New England Central began operations on the former Central Vermont Railway in Febraury 1995 using a dozen freshly painted secondhand GP38s.
More than 23 years later, and two changes of ownership, and New England Central still has a handful of these old GP38s working in the same paint scheme.
Last week, a matched pair of these engines was working the Willimantic-Palmer freight, job 608.
I made an effort to catch these venerable diesels on the roll.
New England Central 3857 leads the southward 608 at Stafford Spring, Connecticut. I was aiming to feature the blossoming tree at the right. Photo adjusted in post processing.
New England Central 608 approaches the Route 32 overbridge south of Stafford Springs, Connecticut in May 2018.
Tracking the Light Posts Daily.
Amtrak has retired all of its once-common AEM-7 electrics.
SEPTA’s small fleet of AEM-7s remain on the roll, but replacements have been ordered. Soon the sun will set on America’s adaptation of the Swedish Rc-series electrics.
A couple of weeks ago, Pat Yough and I focused on SEPTA’s rare birds that typically only work rush hour push-pull services.
It was a fine bright evening to make commuter rail images and I used my FujiFilm X-T1 fitted with a 27mm pancake lens to expose these photographs.
SEPTA AEM-7 2305 leads train 9745 on the old Pennsylvania Railroad.
SEPTA 2303 at West Trenton, New Jersey.
Today’s relatively ordinary images of SEPTA AEM7 electrics under wire will soon be rare. Why wait to the last minute to make photographs of equipment soon to be extinct?
Tracking the Light is daily!
The Illinois Railway Museum has one of the best collections of North American railway equipment. Hundreds of pieces of equipment spanning more than a century are on display.
It’s great to be able to inspect a traditional 4-4-0, and a Forney Tank engine. I’m fond of classics such as the Santa Fe 2900-class 4-8-4, Burlington’s 4-6-4 Hudson and its streamlined Budd-built
Nebraska Zephyr, and of course the Pennsylvania Railroad GG1 in Brunswick green.
Chicago, Burlington & Quincy 4-6-4 at IRM.
Pennsylvania Railroad GG1 electric 4929. A masterpiece of engineering and design.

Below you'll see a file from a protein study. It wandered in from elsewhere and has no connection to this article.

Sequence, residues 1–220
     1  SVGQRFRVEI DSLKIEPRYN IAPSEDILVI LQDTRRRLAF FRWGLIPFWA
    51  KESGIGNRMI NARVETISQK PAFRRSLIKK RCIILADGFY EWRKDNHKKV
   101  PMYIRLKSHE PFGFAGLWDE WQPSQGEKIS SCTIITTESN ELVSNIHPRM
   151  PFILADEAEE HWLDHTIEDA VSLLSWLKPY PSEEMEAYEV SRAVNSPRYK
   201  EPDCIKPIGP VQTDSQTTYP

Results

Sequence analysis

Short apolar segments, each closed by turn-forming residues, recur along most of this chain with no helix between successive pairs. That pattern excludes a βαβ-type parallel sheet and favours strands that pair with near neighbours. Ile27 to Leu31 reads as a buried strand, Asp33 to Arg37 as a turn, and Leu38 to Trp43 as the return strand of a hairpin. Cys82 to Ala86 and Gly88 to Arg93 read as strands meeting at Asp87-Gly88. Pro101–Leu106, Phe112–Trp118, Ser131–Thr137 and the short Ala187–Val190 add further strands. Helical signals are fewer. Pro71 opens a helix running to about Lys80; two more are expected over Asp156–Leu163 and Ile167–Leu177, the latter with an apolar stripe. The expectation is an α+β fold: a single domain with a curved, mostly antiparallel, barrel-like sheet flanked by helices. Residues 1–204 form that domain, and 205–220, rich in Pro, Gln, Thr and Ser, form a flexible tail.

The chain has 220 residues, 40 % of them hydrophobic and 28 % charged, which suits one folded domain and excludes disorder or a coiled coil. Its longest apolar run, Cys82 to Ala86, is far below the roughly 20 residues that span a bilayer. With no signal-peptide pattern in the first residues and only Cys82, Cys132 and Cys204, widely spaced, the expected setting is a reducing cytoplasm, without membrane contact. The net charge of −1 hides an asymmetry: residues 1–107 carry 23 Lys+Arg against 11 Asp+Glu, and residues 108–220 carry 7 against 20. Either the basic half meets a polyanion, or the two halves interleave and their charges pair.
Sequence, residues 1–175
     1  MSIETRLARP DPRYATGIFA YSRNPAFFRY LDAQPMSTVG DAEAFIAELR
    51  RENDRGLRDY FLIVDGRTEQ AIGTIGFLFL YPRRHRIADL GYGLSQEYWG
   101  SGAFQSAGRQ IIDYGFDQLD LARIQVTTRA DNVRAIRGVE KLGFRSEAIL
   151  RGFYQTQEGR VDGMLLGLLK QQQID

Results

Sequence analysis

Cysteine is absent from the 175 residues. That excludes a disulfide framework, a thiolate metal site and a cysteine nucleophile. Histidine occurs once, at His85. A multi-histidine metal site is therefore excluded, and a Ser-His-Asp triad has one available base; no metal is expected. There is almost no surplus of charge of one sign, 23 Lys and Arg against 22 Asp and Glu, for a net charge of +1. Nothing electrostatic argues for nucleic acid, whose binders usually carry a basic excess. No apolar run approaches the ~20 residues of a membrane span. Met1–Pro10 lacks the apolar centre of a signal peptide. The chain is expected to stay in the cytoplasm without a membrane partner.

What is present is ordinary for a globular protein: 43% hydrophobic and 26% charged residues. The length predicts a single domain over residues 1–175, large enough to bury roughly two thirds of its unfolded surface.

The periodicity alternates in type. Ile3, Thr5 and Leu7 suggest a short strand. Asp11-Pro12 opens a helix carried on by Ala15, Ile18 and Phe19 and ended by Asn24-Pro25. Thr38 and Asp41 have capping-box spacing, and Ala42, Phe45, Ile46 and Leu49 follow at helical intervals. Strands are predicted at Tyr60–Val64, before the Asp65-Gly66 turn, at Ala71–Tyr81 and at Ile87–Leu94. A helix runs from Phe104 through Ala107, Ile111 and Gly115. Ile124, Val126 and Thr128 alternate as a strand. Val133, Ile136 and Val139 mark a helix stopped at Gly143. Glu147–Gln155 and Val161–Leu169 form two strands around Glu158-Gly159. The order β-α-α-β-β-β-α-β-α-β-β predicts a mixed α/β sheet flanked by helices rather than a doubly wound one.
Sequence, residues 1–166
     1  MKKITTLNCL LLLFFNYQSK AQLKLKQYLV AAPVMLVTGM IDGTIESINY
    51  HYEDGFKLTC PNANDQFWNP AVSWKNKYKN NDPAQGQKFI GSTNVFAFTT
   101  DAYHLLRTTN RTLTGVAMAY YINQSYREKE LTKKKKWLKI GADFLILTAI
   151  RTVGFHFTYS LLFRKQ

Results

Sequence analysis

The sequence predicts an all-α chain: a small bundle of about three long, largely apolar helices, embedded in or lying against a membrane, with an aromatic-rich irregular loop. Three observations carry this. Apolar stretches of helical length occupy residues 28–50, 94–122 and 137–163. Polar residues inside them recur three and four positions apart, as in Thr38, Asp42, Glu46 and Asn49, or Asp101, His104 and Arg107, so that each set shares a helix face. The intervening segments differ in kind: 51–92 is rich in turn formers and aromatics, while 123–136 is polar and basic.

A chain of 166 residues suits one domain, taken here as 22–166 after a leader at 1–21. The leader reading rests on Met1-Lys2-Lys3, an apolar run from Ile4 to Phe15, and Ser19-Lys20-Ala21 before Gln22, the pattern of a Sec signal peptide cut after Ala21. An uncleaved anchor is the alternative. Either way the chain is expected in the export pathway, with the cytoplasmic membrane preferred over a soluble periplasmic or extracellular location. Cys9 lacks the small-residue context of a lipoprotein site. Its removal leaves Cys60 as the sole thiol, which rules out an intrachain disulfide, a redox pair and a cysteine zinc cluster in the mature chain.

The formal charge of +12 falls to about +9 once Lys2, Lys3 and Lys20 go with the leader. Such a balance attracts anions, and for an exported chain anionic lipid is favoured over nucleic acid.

I recall the GG1s under wire. Great sounding air horn on these.
Budd stainless steel. And articulated too!
My book on streamlined trains came out last year and so it was nice to reflect on these amazing machines in the museum. (Puns are extra).
Some of the old girls still work; this Frisco 2-10-0 is serviceable. Just add coal, water and talent!
Sister to the popular Milwaukee Road 261 is engine 265. Sure would be neat to get both engines under steam together!
Lots of electrics under the barns. PCC’s have been a regular feature on Tracking the Light.
The old diesels are neat, and there’s great array of old streetcars.
But then, what’s this? A Wisconsin Central SD45? Wow, nice to see that one of those was saved, but it just doesn’t seem that long ago and I was out catching these on the mainline.
And wait, what about this Metra Bi-Level electric? Weird to see THAT in a museum.
Two Chicago & North Western DASH9s!
Now I just feel old.
Views exposed with my FujiFilm X-T1 digital camera with Zeiss 12mm Tuoit.
A former Santa Fe Alco RSD-15. These must have looked great hauling freight back in the day.
Eight motors, four in each truck, that’s what the DDA40X was all about.
An Wisconsin Central SD45. Twenty years ago when I lived in Waukesha, Wisconsin I could hear these roar through town from my apartment. I spent lots of time putting these beast on film.
It’s like Galesburg Railroad Days! The BN executive Fs! Always cool.
Whoa! What’s this? A Metra electric? Hmm.
Two Chicago & North Western DASH9s. Really?! It just doesn’t seem that long ago that I sat in the cab of one these when they still had that ‘new car smell’. And now they too are on display in a museum. Will anyone save a P40?
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